Meningitis symptoms

Spinal meningitis is a disease that develops when the protective membrane covering the brain become inflamed because of bacteria or viruses. In rare instances a person can get meningitis from certain drugs, head injuries and cancer. Before meningitis is treated the exact cause of it must be discovered so the appropriate treatment can be given. This is a very serious illness and it is vital for the person to get medical care as soon as possible when symptoms of meningitis develop.

Some of the very first meningitis symptoms to occur when a person is infected with it are fever and headaches accompanied by a stiff neck. It will be hard to touch your chest with you chin when you have meningitis because the neck will be too stiff. Nausea, vomiting and dizziness are also meningitis symptoms. Meningitis symptoms can often include the inability to tolerate noise. This condition is called Phonophobia. Photophobia is another symptom which means that the person suffering from meningitis will complain that all of their senses are overwhelmed. Irritability is a symptom of meningitis too. Also, exposure to light can be painful to the eyes of someone who has meningitis.

Meningitis symptoms in children can be very severe. Children often become delirious when they are infected with spinal meningitis. Meningitis symptoms in infants can include the swelling of the soft spot on the top of the infant’s head. Sometimes people with meningitis will become semi-conscious. Muscle aches and muscle weakness are also common symptoms of meningitis that are accompanied with the high fever, headache and stiff neck. Sometimes people will develop a skin rash also. The rash normally starts out like a normal pink rash. It can also be red, purple or brownish and eventually it will begin to look like a spotted bruise.

Meningitis symptoms will normally develop according to the type or cause of the meningitis. There are different time periods between exposures to meningitis infections. This time period in between is called the incubation period. The incubation period is different for the various microbes that cause meningitis. If a person has bacterial meningitis the symptoms can appear quickly and there is no fixed incubation time. Bacterial meningitis can also take a few days to a few weeks before the symptoms appear.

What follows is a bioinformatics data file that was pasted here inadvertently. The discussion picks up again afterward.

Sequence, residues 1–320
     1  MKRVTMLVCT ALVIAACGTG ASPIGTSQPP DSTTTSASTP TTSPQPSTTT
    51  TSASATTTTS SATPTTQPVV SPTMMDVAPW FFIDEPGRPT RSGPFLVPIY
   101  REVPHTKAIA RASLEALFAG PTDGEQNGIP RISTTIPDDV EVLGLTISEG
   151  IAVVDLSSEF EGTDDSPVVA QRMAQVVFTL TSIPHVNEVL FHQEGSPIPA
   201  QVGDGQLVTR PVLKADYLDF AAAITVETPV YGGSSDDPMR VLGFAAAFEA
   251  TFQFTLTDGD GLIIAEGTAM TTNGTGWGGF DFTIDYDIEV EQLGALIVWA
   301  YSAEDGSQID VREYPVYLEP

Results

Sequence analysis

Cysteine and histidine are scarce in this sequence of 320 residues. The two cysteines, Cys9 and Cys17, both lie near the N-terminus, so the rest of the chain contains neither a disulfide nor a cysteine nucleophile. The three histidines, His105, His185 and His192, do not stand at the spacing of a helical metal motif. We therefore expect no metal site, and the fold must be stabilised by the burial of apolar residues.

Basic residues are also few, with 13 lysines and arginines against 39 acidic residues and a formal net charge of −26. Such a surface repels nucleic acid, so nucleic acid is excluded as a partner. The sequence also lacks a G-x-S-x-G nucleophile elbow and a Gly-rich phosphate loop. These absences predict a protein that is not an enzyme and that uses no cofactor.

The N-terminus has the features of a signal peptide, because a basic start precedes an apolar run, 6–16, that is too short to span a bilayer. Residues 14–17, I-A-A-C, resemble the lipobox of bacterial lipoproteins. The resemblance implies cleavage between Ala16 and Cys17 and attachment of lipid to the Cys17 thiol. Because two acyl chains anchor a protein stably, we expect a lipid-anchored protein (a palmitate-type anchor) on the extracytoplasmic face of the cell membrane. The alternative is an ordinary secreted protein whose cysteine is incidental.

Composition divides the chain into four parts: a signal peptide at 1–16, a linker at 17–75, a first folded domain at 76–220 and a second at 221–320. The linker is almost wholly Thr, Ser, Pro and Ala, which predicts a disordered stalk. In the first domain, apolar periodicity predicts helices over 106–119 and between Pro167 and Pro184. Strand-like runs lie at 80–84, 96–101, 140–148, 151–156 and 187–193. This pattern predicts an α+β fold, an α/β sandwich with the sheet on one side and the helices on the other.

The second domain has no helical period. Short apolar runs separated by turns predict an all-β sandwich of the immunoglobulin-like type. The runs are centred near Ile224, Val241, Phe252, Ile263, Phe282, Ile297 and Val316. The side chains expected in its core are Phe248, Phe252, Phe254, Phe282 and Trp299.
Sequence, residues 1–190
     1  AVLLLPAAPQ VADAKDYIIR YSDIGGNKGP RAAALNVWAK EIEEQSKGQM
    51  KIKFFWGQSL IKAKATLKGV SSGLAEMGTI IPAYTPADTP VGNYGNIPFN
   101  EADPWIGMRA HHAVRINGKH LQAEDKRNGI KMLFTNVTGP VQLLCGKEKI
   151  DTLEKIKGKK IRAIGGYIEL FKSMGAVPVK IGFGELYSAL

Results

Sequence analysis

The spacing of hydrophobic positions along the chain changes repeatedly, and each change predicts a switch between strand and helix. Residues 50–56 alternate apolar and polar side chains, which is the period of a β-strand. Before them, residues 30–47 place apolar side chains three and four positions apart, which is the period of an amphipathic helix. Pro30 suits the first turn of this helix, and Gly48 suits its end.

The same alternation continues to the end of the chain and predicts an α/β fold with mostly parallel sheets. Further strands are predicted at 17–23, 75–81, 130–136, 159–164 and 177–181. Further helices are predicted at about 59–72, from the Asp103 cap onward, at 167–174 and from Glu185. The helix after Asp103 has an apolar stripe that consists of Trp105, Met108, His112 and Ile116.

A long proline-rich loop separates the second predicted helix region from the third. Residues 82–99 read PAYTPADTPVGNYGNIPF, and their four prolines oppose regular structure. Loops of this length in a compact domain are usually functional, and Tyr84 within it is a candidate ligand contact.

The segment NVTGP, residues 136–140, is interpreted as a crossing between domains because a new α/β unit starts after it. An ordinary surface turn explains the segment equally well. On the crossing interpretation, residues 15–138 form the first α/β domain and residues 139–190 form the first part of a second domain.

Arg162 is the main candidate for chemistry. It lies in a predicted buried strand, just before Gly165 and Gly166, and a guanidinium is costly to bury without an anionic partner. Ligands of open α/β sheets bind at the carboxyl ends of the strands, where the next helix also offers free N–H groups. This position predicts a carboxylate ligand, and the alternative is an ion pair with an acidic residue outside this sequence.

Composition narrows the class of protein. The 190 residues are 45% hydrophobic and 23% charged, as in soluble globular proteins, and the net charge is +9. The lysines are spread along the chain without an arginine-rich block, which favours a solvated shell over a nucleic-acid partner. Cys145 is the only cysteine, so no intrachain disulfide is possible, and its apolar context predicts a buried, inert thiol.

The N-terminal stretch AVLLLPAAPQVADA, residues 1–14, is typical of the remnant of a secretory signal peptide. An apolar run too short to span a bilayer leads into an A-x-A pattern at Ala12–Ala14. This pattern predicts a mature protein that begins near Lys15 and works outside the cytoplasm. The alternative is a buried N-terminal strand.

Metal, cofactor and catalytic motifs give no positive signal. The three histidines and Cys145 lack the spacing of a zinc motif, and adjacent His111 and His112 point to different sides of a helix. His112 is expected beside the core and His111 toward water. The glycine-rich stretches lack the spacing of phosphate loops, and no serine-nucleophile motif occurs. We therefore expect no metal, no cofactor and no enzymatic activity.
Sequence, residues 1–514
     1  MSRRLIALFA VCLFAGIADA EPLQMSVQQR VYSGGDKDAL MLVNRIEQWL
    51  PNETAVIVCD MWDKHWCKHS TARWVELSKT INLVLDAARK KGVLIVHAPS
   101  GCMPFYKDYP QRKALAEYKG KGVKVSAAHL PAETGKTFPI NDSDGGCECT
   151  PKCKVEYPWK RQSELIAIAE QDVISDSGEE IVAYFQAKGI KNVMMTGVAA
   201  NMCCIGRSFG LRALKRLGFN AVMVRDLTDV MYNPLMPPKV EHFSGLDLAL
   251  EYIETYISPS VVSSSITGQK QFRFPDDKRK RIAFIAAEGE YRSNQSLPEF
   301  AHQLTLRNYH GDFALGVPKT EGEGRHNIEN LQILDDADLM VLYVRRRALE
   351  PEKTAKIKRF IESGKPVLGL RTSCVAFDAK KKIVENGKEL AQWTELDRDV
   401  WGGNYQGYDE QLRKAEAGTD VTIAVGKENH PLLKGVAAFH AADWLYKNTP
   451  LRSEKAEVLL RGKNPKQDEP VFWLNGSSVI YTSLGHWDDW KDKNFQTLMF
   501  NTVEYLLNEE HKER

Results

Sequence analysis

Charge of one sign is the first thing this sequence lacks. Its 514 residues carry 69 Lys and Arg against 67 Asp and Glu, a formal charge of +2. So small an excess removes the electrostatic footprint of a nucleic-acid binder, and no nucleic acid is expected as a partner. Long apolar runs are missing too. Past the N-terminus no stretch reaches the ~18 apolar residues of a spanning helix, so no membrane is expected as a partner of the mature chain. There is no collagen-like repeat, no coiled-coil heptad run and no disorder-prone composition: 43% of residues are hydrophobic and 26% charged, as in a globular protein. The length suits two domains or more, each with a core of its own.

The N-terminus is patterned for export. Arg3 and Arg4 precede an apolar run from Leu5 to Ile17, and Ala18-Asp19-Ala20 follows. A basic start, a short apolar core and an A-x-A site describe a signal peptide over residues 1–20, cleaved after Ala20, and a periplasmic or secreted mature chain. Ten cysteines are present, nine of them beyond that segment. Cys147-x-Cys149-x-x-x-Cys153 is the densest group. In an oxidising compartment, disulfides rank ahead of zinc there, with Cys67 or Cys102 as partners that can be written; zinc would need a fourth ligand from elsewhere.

If meningitis symptoms are present the medical doctor will first do a blood test for it. Chest x-rays can also be done for meningitis to further confirm the diagnosis. However, a spinal tap is the most reliable test for it. Spinal taps are not without danger of there own however and should be done only if needed. A spinal tap can leave a cerebral mass lesion.

Meningitis is contagious and can be spread from one person to another when they are living in close quarters. For example, college kids living in dorm rooms, boarding-school students and high school sports teams sharing close quarter locker rooms are all at risk for infection. Treating meningitis in the early stages of the infection can result in a successful outcome. This is why it is so important to seek medical treatment at the first signs of meningitis symptoms.

Viruses can also cause meningitis if they spread by the bloodstream into the spinal fluid and around the spinal cord. Bacterial meningitis can begin this way also. However, sometimes bacteria enter into the bloodstream from a severe head injury and can reach the spinal fluid. When this happens meningitis can develop. Severe ear and sinus infections can develop into meningitis also. Meningococcal and pneumococcal are two common germs that cause meningitis. Later stages of meningitis symptoms include loss of hearing, blurred vision and loss of consciousness.

Last updated on Mar 3rd, 2010 and filed under Neurological Disorders. Both comments and pings are currently closed.

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